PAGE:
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Just her personality or the dementia?

DesperateofDevon

Registered User
Jul 7, 2019
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My mother-in-law had that official diagnosis of NPD before I met my husband, along with anxiety disorder. That's one of the reasons we didn't realise the disorder had developed into dementia, because her behaviour had always been demanding and self absorbed. And to outsiders, as you say, she came over as wonderful. When she died last year, family didn't want a funeral, as my husband and his sister didn't want non family members saying how much she would be missed. My sister in law couldn't bear the thought of a vicar or other facilitator preaching how wonderful she was,when she wasn't. In the end, we had a direct cremation, with no mourners. When we announced to the few family members left this was happening, there was no objection. I don't think any family member cared.
Yes I can imagine. I was told by my godmother that I was lucky to have Mum..
sadly she didn’t want to know how lucky.. at least last year my Dads sister spoke up so at least someone knows the truth!
 

Champers

Registered User
Jan 3, 2019
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My mother-in-law had that official diagnosis of NPD before I met my husband, along with anxiety disorder. That's one of the reasons we didn't realise the disorder had developed into dementia, because her behaviour had always been demanding and self absorbed. And to outsiders, as you say, she came over as wonderful. When she died last year, family didn't want a funeral, as my husband and his sister didn't want non family members saying how much she would be missed. My sister in law couldn't bear the thought of a vicar or other facilitator preaching how wonderful she was,when she wasn't. In the end, we had a direct cremation, with no mourners. When we announced to the few family members left this was happening, there was no objection. I don't think any family member cared.

That is a very, very valid point Rosettastone57. My husband recently said he suspected my mother had been suffering from dementia for a lot longer than we realised, also due to her unreasonable, unpredictable and illogical demands. She’s always rewritten history but that has probably evolved into confabulation without us being aware as we were so used to her constant contortion of facts. What you’ve said and experienced makes perfect sense. I know her having a diagnosis of NPD wouldn’t change anything - and she sounds so similar to your MIL - I guess it would just help me reconcile my feelings towards her.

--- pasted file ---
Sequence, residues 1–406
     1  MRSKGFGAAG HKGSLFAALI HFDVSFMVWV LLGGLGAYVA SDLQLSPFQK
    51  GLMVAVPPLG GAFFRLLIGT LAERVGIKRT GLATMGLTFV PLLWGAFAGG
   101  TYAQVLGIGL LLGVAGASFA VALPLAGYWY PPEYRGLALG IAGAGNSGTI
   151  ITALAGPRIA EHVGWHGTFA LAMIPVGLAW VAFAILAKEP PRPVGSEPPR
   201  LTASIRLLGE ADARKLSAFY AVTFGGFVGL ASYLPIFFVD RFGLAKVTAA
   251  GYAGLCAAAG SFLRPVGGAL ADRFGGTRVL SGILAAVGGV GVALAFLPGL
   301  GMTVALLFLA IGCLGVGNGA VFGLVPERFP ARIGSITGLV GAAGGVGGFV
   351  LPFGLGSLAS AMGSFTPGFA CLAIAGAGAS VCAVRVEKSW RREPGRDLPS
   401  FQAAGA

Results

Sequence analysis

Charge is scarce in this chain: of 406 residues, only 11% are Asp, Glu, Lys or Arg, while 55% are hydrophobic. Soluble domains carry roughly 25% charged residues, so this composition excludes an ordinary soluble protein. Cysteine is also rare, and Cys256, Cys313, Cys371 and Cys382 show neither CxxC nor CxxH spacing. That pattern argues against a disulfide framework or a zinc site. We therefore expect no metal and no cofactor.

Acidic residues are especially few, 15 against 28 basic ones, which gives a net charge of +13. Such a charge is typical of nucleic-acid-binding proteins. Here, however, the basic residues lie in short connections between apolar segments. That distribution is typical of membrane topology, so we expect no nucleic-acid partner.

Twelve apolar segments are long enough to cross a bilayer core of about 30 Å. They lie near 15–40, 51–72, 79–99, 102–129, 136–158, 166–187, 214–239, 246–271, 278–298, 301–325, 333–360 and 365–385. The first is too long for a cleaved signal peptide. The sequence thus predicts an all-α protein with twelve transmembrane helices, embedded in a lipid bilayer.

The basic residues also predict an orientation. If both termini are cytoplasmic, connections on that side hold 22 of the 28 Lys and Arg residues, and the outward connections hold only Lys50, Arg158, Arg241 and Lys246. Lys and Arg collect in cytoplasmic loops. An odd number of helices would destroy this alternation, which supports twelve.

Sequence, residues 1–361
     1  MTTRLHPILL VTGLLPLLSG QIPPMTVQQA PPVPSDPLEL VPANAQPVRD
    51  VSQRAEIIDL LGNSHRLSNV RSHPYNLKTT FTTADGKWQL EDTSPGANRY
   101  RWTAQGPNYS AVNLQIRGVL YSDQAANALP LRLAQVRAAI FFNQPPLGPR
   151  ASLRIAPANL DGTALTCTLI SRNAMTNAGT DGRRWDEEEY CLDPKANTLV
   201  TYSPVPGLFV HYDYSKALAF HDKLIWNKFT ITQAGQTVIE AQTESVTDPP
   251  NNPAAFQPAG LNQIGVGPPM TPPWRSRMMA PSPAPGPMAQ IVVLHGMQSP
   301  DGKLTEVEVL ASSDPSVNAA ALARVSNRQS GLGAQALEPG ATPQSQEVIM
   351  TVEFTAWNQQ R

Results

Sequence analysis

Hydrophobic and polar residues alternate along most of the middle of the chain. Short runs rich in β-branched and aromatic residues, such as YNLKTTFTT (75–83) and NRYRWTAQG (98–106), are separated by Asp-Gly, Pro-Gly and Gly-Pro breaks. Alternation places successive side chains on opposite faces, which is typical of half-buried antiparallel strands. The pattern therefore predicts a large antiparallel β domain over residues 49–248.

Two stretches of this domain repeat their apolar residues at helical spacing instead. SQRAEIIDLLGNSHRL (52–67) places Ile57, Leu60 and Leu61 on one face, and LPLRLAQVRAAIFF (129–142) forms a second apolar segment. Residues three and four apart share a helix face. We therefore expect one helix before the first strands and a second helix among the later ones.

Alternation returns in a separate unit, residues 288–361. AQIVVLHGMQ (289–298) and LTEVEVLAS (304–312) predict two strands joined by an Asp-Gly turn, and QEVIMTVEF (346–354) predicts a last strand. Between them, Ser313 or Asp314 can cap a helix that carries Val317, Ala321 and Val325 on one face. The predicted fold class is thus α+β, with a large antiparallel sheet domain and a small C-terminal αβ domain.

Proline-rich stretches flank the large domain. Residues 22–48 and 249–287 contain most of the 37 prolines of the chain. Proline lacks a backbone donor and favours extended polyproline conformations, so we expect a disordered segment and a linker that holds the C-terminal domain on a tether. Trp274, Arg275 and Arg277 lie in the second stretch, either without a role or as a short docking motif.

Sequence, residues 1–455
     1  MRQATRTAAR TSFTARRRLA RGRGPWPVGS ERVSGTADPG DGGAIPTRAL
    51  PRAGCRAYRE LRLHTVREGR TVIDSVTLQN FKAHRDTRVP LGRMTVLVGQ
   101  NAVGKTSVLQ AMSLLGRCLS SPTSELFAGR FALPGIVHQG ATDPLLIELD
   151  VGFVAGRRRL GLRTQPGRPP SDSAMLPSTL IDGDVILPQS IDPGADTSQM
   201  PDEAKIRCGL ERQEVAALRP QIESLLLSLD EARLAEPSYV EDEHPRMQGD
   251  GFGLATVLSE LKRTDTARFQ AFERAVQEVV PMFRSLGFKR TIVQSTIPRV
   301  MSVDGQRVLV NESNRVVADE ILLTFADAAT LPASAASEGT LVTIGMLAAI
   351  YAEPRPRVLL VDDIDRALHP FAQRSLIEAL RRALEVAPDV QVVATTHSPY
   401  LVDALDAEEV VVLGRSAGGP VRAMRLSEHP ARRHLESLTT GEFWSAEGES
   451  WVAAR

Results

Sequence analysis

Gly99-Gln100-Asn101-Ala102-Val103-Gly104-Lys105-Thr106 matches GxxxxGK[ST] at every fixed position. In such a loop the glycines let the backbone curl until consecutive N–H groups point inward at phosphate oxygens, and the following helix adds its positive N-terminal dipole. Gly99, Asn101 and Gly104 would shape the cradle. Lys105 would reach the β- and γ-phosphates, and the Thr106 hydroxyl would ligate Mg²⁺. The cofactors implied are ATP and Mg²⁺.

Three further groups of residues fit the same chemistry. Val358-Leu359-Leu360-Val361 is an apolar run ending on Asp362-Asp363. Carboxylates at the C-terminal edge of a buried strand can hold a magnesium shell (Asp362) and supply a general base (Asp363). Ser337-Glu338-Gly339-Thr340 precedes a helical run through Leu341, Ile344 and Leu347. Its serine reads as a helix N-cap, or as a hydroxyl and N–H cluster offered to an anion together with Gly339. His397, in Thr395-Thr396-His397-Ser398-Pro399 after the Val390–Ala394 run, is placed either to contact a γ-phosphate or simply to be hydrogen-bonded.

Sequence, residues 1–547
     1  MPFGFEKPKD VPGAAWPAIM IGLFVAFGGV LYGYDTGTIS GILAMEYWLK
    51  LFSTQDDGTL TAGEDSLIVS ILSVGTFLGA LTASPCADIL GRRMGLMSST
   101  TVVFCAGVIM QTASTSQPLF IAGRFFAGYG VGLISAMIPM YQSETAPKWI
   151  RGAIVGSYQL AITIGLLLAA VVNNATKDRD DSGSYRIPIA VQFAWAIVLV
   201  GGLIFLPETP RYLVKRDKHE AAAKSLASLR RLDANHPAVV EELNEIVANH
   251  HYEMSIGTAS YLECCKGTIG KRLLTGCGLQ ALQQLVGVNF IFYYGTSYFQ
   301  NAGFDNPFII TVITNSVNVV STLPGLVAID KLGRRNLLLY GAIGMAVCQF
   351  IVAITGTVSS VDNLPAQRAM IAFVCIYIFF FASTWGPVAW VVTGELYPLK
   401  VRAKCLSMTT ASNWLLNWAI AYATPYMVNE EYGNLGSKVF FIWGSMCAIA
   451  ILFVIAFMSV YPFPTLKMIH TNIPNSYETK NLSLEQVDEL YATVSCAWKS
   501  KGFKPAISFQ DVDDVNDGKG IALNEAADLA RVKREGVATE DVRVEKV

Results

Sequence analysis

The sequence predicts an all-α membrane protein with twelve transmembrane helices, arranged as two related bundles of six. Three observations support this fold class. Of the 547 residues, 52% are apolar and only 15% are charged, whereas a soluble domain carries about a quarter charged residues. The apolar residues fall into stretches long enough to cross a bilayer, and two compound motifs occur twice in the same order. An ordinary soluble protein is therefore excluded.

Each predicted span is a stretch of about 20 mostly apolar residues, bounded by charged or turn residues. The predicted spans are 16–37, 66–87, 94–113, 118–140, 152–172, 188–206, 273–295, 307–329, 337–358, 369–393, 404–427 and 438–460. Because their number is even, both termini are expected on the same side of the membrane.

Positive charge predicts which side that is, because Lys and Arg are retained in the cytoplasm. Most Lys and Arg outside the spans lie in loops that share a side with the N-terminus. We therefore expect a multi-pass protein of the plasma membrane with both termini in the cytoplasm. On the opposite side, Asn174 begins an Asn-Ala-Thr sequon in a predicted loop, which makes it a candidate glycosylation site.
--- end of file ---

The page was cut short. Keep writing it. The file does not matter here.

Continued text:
I’m trying to view her as a very sick old lady, not the abusive bully she was. Not always easy.
 

Rosettastone57

Registered User
Oct 27, 2016
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That is a very, very valid point Rosettastone57. My husband recently said he suspected my mother had been suffering from dementia for a lot longer than we realised, also due to her unreasonable, unpredictable and illogical demands. She’s always rewritten history but that has probably evolved into confabulation without us being aware as we were so used to her constant contortion of facts. What you’ve said and experienced makes perfect sense. I know her having a diagnosis of NPD wouldn’t change anything - and she sounds so similar to your MIL - I guess it would just help me reconcile my feelings towards her.

I’m trying to view her as a very sick old lady, not the abusive bully she was. Not always easy.
It's the product of a sick mind,whether it's the mind of a person with a personality disorder, or dementia. It was the complete lack of empathy for anyone else's experiences or feelings that my husband, in particular, found the hardest part to deal with . I think that unless you have personal experience of either dementia or personality issues, people have no idea of what we're dealing with
 

Sarasa

Volunteer Host
Apr 13, 2018
4,147
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My mother, before dementia, sounds like a less extreme version of some the mother's mentioned here. However she was also great fun, and I enjoyed going out with her shopping or to shows. I certainly never tried to depend on her for emotional support. Now she has dementia all her behaviours seem more extreme.
At the moment I'm staying with my mother-in-law for a couple of days while my brother-in-law, who is her carer is on holiday. She too has vascular dementia and is the same age as my mother. In lots of ways she is far more confused, it is obvious she can't always remember where things are in her house, she gets very muddled about things and forgets words and ideas mid-sentence. Not helped by being deaf and having limited mobility. However she was always a wonderful support to me. When I met her when I was thirty she became the mother I probably should have had in the first place. She still has a lot of empathy (though very annoyed that her son has gone to Italy without her) and is a pleasure to be with.